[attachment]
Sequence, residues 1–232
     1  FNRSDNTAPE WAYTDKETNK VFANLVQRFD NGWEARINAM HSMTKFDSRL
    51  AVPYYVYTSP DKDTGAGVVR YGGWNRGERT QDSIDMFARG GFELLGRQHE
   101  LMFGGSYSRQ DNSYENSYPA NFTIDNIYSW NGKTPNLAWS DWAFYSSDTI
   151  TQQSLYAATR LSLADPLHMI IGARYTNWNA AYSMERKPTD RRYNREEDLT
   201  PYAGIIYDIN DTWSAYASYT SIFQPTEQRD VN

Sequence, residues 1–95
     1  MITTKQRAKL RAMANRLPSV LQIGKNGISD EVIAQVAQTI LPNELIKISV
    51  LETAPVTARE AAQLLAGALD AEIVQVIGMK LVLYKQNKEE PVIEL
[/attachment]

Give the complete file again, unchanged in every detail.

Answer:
Sequence, residues 1–232
     1  FNRSDNTAPE WAYTDKETNK VFANLVQRFD NGWEARINAM HSMTKFDSRL
    51  AVPYYVYTSP DKDTGAGVVR YGGWNRGERT QDSIDMFARG GFELLGRQHE
   101  LMFGGSYSRQ DNSYENSYPA NFTIDNIYSW NGKTPNLAWS DWAFYSSDTI
   151  TQQSLYAATR LSLADPLHMI IGARYTNWNA AYSMERKPTD RRYNREEDLT
   201  PYAGIIYDIN DTWSAYASYT SIFQPTEQRD VN

Sequence, residues 1–95
     1  MITTKQRAKL RAMANRLPSV LQIGKNGISD EVIAQVAQTI LPNELIKISV
    51  LETAPVTARE AAQLLAGALD AEIVQVIGMK LVLYKQNKEE PVIEL